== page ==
The UK’s insolvency rate has fallen despite the country being locked in its longest double-dip recession for 60 years, a report has found.
Experian’s Business Insolvency Index found that the number of insolvencies had fallen by 9.5% in July compared to the same month last year. A total of 1,776 companies went bust last month, against 1,962 in the same month in 2011.
Businesses in Scotland have managed to stay afloat particularly well. Scotland’s insolvency rate is now at its lowest point in two years after a 25.3% drop in the number of businesses going to the wall since last July.
The non-food retail sector showed the biggest improvements of all types of businesses across the UK, with the rate of insolvencies falling by 0.1% in July from 0.2% last year.
The car market was the hardest hit by the recession as insolvencies went up by 41.7%.
Failure rates were highest among the largest firms which employ in excess of 500 people and the smallest companies with between 11 and 25 employees, the figures show.
Experian managing director of business information services Max Firth said: “Since March this year, when the insolvency rate peaked at 0.11%, it has remained fairly stable – between 0.08% and 0.09%.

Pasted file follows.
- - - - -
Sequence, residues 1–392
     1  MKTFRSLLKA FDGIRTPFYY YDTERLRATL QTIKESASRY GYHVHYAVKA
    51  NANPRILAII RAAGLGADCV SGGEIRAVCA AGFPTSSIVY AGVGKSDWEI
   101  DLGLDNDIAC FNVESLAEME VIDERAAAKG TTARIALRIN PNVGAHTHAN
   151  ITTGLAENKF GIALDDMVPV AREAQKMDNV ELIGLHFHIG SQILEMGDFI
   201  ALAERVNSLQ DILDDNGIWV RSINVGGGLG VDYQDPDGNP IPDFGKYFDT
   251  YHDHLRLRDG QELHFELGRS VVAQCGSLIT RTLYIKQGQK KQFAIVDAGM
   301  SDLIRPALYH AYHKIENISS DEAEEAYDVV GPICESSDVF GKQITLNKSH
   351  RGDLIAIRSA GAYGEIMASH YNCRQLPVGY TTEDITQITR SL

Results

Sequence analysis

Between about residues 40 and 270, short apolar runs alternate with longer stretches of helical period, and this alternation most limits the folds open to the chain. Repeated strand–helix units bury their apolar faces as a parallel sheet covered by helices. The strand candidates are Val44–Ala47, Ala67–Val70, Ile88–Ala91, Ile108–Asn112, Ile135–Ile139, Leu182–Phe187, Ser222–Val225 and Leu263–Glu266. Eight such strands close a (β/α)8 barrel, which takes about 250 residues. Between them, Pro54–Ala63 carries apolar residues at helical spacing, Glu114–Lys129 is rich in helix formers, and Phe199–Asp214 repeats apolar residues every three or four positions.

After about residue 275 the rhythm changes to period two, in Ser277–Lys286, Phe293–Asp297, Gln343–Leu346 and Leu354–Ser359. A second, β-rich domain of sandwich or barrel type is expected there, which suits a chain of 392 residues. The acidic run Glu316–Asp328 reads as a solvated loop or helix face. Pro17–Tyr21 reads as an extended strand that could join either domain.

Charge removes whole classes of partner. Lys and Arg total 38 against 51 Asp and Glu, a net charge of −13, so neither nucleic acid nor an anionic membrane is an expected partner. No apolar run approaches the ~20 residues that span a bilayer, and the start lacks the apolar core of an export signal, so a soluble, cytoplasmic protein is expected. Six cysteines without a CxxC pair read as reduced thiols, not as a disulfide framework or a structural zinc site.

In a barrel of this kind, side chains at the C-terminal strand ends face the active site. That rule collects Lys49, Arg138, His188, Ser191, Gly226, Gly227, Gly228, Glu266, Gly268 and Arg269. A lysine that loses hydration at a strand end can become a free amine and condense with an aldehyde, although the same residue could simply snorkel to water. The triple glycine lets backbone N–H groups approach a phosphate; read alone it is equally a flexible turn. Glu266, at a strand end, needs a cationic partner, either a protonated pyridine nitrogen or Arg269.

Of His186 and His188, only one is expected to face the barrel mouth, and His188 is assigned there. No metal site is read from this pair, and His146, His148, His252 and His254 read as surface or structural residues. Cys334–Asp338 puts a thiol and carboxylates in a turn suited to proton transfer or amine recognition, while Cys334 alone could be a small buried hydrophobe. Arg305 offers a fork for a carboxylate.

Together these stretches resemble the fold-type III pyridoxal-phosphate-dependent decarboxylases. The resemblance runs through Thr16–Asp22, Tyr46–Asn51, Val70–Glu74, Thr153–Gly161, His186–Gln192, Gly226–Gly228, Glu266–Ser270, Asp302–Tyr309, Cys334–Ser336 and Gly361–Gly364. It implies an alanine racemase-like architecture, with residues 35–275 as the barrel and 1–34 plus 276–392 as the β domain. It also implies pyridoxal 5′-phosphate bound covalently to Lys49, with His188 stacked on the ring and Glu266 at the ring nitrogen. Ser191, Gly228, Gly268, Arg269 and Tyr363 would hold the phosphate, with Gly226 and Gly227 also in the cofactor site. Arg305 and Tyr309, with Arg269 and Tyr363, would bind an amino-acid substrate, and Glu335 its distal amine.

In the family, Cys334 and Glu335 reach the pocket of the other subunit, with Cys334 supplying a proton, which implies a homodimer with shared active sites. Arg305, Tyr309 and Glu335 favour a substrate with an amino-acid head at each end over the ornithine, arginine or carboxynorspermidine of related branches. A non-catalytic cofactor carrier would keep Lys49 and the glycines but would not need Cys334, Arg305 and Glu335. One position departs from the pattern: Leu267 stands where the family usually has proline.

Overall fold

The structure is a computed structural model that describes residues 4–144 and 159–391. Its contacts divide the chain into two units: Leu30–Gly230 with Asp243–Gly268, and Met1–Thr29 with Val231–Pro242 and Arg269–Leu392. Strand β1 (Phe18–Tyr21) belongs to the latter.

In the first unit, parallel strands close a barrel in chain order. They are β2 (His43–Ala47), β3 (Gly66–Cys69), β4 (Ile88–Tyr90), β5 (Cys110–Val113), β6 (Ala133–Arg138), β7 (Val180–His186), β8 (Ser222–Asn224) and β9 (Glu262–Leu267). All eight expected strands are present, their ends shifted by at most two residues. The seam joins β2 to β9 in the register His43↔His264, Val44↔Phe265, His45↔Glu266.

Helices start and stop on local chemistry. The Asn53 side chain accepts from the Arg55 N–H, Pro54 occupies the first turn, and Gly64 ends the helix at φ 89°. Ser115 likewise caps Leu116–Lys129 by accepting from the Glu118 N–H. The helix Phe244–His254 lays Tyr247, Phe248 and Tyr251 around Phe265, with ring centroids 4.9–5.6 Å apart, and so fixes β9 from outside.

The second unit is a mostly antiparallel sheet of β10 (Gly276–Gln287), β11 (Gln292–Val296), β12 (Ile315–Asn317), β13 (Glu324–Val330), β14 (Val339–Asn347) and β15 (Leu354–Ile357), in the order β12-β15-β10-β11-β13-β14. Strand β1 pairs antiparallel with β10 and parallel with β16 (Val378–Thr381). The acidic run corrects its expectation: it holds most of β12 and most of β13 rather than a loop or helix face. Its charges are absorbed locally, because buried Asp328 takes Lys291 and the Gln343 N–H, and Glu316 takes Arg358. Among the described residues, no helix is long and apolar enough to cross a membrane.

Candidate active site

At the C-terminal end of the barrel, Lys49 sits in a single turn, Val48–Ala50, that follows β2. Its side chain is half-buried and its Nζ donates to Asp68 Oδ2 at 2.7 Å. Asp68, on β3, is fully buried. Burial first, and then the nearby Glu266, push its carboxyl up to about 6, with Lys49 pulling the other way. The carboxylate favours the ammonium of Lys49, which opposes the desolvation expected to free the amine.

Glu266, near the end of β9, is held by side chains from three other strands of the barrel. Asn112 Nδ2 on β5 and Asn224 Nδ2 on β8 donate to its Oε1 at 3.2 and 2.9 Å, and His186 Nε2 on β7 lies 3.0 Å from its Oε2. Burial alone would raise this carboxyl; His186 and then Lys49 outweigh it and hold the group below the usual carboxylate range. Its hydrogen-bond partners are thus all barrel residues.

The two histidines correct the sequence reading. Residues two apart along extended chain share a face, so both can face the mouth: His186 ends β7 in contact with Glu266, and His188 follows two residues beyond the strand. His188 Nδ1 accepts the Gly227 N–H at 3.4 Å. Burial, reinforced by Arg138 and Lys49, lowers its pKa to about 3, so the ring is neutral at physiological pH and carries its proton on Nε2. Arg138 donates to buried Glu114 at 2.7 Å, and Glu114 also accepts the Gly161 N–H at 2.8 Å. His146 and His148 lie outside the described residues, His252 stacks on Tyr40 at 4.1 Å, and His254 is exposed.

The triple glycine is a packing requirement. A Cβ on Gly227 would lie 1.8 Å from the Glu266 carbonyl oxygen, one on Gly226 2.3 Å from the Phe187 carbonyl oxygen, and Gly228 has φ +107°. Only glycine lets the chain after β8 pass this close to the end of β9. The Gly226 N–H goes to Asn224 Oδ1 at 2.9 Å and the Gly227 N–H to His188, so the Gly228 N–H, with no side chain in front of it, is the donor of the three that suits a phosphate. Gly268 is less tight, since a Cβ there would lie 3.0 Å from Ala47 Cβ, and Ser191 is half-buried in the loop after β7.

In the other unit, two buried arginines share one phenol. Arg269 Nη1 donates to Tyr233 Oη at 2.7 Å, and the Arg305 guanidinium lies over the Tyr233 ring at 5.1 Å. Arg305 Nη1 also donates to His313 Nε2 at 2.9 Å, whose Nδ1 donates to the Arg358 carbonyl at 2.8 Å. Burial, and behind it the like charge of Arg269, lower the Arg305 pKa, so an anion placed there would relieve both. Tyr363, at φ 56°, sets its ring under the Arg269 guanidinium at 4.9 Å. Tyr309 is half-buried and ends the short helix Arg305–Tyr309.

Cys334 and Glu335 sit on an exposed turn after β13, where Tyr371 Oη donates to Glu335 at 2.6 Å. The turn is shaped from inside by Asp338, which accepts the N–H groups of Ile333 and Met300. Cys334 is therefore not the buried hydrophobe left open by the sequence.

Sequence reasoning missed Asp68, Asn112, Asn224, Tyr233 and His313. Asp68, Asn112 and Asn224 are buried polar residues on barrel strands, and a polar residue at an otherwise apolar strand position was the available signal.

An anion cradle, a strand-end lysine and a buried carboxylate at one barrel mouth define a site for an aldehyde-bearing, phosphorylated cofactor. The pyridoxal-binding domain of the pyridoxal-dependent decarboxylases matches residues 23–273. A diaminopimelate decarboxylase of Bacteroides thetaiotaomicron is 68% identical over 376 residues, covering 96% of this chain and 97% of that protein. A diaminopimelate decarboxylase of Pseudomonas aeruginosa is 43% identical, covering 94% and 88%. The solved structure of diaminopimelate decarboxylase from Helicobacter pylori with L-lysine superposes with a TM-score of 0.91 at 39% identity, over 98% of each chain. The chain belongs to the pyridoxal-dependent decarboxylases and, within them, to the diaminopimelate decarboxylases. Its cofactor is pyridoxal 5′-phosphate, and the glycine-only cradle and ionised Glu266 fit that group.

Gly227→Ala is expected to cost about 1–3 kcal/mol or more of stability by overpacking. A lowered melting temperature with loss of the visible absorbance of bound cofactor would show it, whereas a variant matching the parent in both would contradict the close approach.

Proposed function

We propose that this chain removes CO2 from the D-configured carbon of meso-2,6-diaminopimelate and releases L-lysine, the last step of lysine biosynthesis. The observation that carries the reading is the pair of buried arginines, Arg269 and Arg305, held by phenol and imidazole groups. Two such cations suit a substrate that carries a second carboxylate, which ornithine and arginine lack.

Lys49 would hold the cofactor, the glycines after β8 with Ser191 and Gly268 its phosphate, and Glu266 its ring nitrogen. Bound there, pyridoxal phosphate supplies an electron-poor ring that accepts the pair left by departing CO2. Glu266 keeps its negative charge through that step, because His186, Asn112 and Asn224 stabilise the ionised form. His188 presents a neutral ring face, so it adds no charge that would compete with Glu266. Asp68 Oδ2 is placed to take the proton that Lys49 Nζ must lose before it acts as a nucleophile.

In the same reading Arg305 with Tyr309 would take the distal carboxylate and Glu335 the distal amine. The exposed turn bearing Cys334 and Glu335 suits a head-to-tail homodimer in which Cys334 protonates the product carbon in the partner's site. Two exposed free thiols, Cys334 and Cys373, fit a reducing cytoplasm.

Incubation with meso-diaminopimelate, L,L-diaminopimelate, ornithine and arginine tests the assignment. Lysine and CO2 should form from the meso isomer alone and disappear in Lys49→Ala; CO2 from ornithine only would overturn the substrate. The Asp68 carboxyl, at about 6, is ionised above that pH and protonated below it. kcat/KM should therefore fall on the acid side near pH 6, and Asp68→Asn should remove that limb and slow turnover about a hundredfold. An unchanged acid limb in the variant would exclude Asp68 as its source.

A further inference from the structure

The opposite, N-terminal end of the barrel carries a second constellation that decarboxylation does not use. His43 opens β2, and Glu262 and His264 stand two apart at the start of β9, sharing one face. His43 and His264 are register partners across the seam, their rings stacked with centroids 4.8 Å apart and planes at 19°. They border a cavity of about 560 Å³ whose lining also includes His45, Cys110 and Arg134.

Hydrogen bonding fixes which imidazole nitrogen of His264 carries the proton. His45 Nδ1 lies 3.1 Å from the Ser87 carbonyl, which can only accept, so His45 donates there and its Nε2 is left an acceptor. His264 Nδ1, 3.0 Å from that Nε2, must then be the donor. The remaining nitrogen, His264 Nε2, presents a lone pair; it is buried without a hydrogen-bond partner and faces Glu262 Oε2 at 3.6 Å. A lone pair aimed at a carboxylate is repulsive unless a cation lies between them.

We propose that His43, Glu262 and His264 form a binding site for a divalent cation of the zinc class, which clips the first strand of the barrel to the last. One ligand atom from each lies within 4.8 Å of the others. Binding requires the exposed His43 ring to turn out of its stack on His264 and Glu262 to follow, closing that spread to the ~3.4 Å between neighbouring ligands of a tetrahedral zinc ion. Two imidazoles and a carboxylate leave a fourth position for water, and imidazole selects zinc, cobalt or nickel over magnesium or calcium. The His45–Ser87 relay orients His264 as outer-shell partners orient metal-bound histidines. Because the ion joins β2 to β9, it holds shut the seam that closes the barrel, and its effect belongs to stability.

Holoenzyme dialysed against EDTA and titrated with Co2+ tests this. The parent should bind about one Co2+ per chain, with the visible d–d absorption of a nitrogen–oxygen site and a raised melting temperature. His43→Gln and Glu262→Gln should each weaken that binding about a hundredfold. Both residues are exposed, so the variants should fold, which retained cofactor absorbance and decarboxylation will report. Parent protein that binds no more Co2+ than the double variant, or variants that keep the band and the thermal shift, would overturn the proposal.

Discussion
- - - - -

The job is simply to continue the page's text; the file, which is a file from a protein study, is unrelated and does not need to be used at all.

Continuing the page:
“The lack of any real increase is clearly welcome and this picture is unlikely to change in the near future.”
The fall in insolvencies is believed to be partly due to the increase in the use of rescue deals known as company voluntary arrangements (CVAs). The deals allow businesses to avoid going into administration by asking lenders and creditors, including landlords, to renegotiate their debts.
A study from accountancy firm Wilkins Kennedy found the number of CVAs went up 10% in the year to the end of June to reach 769.
Last week, budget hotel operator Travelodge became the latest firm to launch a CVA. It announced a deal to walk away from 49 loss-making hotels and write off £700m of its debts.
The British Property Federation called for the CVA system to be reviewed because it can leave landlords out of pocket.
You might also like…